Mobile app developers in Maryland and the DC area will find they are situated in one of the hottest markets in the nation. The greater DC metro area alone employs the fourth-largest number of app developers in the United States, while the Saint Mary’s non-metro area in Maryland is also the fourth-largest employer of app developers of all rural areas in the country. As a state, Maryland offers the fourth-highest average salary for app developers in the nation, which was calculated by the Bureau of Labor Statistics to be $108,300 per year in 2014. The average annual app developer salary in DC was calculated at a competitive $99,990 – well above the national average.
If past growth is any indication of future app developer success, then the projections made by DC and Maryland researchers may even be underestimates. When the iPhone 4 was launched in 2010 there were:
- 2,530 app developers working in DC; the DC Department of Employment Services projects that between 2012 and 2022 app developer jobs will grow by 33 percent
- 12,170 app developers working Maryland; the state’s Office of Workforce Information and Performance projects that between 2012 and 2022 app developer jobs will grow by 11 percent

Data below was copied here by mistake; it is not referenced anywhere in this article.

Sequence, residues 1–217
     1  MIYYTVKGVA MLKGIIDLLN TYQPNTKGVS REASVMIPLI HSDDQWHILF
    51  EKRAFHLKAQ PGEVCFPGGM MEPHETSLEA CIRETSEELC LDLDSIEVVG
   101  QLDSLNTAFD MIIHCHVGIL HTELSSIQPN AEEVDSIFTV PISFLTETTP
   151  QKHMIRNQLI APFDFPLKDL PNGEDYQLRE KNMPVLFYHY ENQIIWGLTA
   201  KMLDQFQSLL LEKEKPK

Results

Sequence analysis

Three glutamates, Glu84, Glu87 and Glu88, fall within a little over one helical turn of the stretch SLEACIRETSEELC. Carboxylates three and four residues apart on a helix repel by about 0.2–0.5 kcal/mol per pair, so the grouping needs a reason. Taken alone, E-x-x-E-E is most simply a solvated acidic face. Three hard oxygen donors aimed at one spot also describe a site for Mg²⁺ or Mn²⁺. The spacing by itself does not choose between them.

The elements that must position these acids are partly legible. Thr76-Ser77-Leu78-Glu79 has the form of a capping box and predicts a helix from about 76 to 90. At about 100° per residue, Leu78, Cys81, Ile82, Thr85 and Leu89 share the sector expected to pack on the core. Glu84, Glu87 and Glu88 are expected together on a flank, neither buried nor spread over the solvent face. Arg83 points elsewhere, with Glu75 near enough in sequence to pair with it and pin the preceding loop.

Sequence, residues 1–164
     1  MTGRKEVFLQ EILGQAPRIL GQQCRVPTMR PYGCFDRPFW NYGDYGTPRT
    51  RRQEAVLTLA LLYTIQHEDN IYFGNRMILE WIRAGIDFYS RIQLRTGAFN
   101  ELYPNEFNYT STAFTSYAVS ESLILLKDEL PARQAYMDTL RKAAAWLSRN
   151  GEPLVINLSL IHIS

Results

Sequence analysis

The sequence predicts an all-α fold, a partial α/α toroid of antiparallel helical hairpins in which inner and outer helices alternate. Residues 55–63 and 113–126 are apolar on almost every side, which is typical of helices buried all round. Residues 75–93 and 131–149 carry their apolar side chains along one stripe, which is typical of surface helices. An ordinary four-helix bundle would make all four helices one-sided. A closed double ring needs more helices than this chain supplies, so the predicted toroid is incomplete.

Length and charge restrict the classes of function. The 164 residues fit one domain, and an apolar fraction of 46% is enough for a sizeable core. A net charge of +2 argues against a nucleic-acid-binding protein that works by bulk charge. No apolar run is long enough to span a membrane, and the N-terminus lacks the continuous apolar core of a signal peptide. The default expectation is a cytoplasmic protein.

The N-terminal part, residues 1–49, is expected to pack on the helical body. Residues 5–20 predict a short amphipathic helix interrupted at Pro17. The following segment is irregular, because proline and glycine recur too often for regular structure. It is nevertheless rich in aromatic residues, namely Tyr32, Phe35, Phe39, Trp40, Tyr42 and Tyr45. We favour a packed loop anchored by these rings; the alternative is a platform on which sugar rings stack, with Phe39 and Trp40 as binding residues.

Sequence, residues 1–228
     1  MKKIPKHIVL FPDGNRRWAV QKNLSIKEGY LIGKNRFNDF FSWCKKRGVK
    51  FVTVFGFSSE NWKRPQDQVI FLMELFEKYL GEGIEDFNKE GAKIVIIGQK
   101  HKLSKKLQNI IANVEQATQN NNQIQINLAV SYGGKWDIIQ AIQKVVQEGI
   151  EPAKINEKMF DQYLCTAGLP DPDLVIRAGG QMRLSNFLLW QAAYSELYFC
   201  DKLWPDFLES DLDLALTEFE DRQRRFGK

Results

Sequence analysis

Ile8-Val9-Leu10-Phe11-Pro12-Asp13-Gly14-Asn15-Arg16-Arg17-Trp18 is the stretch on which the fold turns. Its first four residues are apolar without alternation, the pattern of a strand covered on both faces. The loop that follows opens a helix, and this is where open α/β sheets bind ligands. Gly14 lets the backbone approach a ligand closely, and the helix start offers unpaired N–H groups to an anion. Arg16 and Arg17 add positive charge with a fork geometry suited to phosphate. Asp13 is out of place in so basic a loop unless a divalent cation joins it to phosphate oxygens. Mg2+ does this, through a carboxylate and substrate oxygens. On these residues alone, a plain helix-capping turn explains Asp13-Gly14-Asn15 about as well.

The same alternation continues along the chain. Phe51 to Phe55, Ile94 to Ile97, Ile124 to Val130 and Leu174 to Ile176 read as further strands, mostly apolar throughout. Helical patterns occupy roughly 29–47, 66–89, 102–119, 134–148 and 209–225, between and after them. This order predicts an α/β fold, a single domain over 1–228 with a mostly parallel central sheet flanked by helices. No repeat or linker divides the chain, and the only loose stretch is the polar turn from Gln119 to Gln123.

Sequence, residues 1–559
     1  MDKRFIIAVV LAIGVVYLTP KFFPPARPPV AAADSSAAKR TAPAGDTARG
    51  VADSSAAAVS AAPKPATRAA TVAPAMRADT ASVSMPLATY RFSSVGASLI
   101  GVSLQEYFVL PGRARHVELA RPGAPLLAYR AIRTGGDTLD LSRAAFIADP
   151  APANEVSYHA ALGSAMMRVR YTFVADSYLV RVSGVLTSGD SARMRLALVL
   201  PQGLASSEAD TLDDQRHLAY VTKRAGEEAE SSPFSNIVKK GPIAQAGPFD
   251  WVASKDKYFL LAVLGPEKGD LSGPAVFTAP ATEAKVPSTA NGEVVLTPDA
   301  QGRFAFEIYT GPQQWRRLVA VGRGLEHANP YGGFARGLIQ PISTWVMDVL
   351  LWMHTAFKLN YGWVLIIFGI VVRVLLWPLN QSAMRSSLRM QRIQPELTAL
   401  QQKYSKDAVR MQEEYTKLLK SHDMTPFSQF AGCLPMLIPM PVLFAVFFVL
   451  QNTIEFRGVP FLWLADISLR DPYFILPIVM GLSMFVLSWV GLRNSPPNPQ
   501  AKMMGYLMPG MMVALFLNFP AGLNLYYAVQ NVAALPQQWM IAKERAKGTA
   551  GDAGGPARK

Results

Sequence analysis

The wireless industry trade group CTIA estimates that the app industry in DC and Maryland together generates more than $436 million in revenue every year. This significant economic impact is a result of an accommodating infrastructure that has been developed over a number of years.
In 2009 there were 255,000 residential internet connections in DC and 2.04 million in Maryland. By the beginning of 2014 those numbers had risen to 692,000 in DC and 4.85 million in Maryland. In addition to expanding internet connections, wireless networks have also improved to accommodate larger amounts of data.
A 2015 report released by the FCC found that 73.4 percent of DC residents accessed the internet via a broadband connection, as did 78.9 percent of Maryland residents. When it comes to choice, all DC residents have access to broadband network speeds of at least 10 Mbps, which holds true for 98.99 percent of Maryland residents. This leads DC to rank first in the nation for 10 Mbps speed, followed by Maryland’s 7th-place ranking.
Because of this conducive environment, today the FCC estimates that Washington DC has the highest concentration of smartphones per population in the nation, with more than 1.06 million mobile wireless devices in circulation. Maryland is estimated to have 3.78 million smartphones and other mobile wireless devices in circulation.